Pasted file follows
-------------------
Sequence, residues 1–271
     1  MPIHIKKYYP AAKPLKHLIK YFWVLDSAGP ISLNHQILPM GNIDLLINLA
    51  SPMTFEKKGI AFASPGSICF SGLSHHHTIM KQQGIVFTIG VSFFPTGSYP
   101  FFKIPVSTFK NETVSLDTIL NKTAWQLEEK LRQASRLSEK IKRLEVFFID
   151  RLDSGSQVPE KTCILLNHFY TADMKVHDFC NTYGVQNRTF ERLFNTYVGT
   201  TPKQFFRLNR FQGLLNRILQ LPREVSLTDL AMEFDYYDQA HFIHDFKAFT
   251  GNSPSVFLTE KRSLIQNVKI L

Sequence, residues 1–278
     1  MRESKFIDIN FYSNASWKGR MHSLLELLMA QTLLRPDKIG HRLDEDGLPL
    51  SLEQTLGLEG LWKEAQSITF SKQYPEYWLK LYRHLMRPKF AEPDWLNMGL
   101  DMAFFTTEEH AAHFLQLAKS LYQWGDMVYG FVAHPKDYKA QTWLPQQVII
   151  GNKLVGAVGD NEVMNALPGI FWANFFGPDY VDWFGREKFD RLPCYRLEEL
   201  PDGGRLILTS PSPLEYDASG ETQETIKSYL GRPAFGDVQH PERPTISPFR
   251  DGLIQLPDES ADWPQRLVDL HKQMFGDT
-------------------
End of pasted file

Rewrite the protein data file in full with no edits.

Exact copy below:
Sequence, residues 1–271
     1  MPIHIKKYYP AAKPLKHLIK YFWVLDSAGP ISLNHQILPM GNIDLLINLA
    51  SPMTFEKKGI AFASPGSICF SGLSHHHTIM KQQGIVFTIG VSFFPTGSYP
   101  FFKIPVSTFK NETVSLDTIL NKTAWQLEEK LRQASRLSEK IKRLEVFFID
   151  RLDSGSQVPE KTCILLNHFY TADMKVHDFC NTYGVQNRTF ERLFNTYVGT
   201  TPKQFFRLNR FQGLLNRILQ LPREVSLTDL AMEFDYYDQA HFIHDFKAFT
   251  GNSPSVFLTE KRSLIQNVKI L

Sequence, residues 1–278
     1  MRESKFIDIN FYSNASWKGR MHSLLELLMA QTLLRPDKIG HRLDEDGLPL
    51  SLEQTLGLEG LWKEAQSITF SKQYPEYWLK LYRHLMRPKF AEPDWLNMGL
   101  DMAFFTTEEH AAHFLQLAKS LYQWGDMVYG FVAHPKDYKA QTWLPQQVII
   151  GNKLVGAVGD NEVMNALPGI FWANFFGPDY VDWFGREKFD RLPCYRLEEL
   201  PDGGRLILTS PSPLEYDASG ETQETIKSYL GRPAFGDVQH PERPTISPFR
   251  DGLIQLPDES ADWPQRLVDL HKQMFGDT